So Bethesda is planning to bring in paid mods back for Fallout 4. While the basic idea of, as Bethesda put it, “supporting modders for their work” is rather complex and has numerous pros and cons, the Skyrim community did NOT like it. There were flame wars and unending revolt until Bethesda and Valve cancelled it. What the community took the most offence with was the break-up of the revenue from mod sales: Bethesda got a meaty 45% of the whole sale (on top of the sale from the base game, which came out in 2011 and is still selling like hot cakes), Valve kept 30% (their usual cut from all sales on Steam) and modders got a rather measly 25% from their mod. Mind, 25% is the standard cut of the sales on the Steam Workshop.
In an interview with GameSpot, Bethesda’s Peter Hines shared Bethesda’s side of the story. “I think our stance on it is we’re going to re-evaluate it going forward,” Hines said. “I think that we feel like there is a case to be made that people who spend a lot of time working on mods ought to be able to have a way of monetizing what they’re doing.” Hines also said that if the paid mod system does return, Bethesda would still expect to get a cut of the revenue– even if the percentage might change.
With regards to the complexity of the issue, Hines said “It’s sort of like having the world’s largest ball of yarn and deciding you’re going to unravel it,” he said. “Everything is so tied together that in some ways it’s almost impossible to do.” Which, if i may say so as a guy who has over 150 mods on his Skyrim, makes a lot of sense because in Skyrim, mods can feature anything, from 8K tomato retextures to Hogwarts from Harry Potter, to Ahnold (!). Copyright infringement may pass unnoticed while no money is involved, but money, as always, complicates matters.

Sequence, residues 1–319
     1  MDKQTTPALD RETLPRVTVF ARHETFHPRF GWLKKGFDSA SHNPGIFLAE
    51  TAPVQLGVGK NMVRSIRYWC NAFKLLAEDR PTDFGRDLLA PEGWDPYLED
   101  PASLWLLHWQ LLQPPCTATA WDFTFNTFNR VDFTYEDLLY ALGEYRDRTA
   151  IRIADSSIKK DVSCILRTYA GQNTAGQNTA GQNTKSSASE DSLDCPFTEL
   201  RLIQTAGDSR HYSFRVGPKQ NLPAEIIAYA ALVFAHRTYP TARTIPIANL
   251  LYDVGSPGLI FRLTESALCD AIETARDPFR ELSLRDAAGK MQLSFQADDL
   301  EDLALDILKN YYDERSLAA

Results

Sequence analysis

Hines then wrapped up the interview by saying that “Honestly, [we have] bigger fish to fry right now than sorting that out.” Which means that Fallout 4 will probably get paid mods sometime in the unspecified future. Probably a bit down the line when it gets an established mod scene.
In my own humble opinion, Bethesda should probably count it’s blessings that a four year old buggy and half-finished game is still selling strongly, as even the mighty GTAs don’t sell this late in their life-cycles. Look at the sort of stuff Rockstar has had to do to keep people interested in GTA V three years after launch: they re-launched it twice, with considerable improvements every tme, and had to put in GTA Online and keep up a steady flow of free heists while Bethesda officially stopped working on Skyrim in April 2013. In fact, the game has had unofficial patches (these are the first mods you should install BTW) from the community which arguably finished the game. And people are still buying this game and actively developing for it. But then again, that’s just what I think, so do take it with a grain of salt (or ten thousand).
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